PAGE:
Michael Gove announces a major review of Prison Education

 

Dame Sally Coates is to carry out a review into how the quality of prison teaching can be improved, in the first step towards Michael Gove's 'earned release' scheme.

 

Sally Coates, director of a group of 23 schools, is the person tasked with carrying out this review. It will look at how both the quality and methods of education in prisons can be improved, as well as how technology and direct employer engagement can be further incorporated into offender learning. Dame Coates recently carried out a review of teaching standards for the Department of Education and is widely credited for her recommendations dramaticallly improving the performance of Burlington Danes Academy, located very near HMP Wormwood Scrubs in London. The Coates review is expected to be concluded by Spring 2016.

It comes as no surprise that many people currently incarcerated in the UK have been previously expelled or permanently excluded from education. This means that many of them have not got anywhere near the basic level of education expected in the country in this day and age, putting them on the back foot the moment they get released. 

Michael Gove, the Justice Secretary, has previously made it clear that tackling the poor quality of education for inmates in the UK is one of his top priorities in the coming years, especially having all prisoners provided with essential skills such as Maths and English. In July, Mr Gove raised the possibility of an early release for those who gained skills and qualifications, alongside showing an improvement in attitude and behaviour. Highlighting the fact that inmates with long sentences may need extra motivation to further their education behind bars, Mr Gove sees the prospect of an earlier release as a key incentive for getting people focused and on board.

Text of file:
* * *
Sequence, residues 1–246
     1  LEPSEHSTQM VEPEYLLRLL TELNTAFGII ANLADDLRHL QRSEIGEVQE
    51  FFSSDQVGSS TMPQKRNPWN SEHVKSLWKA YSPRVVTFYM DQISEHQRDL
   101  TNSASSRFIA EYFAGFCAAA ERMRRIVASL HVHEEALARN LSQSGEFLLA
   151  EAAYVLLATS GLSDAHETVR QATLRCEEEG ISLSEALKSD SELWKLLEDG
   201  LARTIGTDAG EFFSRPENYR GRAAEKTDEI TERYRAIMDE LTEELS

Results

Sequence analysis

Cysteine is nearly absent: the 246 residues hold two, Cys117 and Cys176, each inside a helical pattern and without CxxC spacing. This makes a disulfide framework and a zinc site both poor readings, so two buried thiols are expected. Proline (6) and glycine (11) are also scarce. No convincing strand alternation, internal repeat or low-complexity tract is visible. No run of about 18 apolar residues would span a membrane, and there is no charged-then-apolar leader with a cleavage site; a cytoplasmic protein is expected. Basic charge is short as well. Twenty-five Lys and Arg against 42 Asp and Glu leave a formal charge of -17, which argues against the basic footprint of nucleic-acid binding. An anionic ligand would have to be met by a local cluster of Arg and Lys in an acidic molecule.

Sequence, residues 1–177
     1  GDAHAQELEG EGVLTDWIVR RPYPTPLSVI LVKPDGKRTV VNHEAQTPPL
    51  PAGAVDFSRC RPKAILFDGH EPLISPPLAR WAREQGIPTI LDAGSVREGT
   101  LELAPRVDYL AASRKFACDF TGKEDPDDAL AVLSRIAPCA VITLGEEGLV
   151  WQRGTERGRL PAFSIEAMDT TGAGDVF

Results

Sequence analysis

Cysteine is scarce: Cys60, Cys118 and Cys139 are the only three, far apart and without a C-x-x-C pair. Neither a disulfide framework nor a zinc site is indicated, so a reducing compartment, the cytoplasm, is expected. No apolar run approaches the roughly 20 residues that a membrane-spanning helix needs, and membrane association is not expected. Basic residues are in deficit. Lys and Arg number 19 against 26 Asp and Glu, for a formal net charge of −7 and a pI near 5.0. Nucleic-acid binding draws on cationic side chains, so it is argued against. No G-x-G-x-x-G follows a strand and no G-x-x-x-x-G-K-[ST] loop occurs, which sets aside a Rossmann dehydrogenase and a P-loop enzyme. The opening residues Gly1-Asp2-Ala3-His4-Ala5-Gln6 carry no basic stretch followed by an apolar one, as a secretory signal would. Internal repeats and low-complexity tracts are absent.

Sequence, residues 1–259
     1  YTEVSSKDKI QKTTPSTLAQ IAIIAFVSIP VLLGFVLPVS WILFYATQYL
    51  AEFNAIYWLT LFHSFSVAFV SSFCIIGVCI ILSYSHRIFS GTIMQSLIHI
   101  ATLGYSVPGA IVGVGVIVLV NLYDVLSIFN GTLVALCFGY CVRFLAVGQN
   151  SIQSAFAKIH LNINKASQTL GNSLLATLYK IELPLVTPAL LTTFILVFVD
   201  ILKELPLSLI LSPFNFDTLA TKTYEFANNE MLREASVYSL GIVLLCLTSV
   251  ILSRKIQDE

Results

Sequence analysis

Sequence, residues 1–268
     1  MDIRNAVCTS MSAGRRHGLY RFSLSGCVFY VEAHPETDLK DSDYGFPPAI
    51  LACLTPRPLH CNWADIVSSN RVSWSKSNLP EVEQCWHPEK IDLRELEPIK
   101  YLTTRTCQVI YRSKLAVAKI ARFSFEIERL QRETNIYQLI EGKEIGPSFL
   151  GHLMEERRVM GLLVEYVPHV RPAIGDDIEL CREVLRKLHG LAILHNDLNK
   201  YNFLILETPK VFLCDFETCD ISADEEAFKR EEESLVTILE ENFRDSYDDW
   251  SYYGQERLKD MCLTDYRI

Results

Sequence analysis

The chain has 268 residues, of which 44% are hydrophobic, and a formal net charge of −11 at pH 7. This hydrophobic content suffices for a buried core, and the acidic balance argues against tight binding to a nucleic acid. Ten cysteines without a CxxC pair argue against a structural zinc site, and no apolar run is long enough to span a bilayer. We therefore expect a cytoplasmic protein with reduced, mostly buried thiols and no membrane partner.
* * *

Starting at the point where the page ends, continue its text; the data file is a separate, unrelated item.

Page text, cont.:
An 'earned release' system would be a major change from the current policy, which sees most inmates automatically released on licence half way through their sentence. There are claims that people will take advantage of this, attending classes and workshops purely to manufacture an early release. Despite this, surely an earned release represents a step up from a system that currently releases inmates at the same time, regardless of the level of rehabilitation they have involved themselves in?

 

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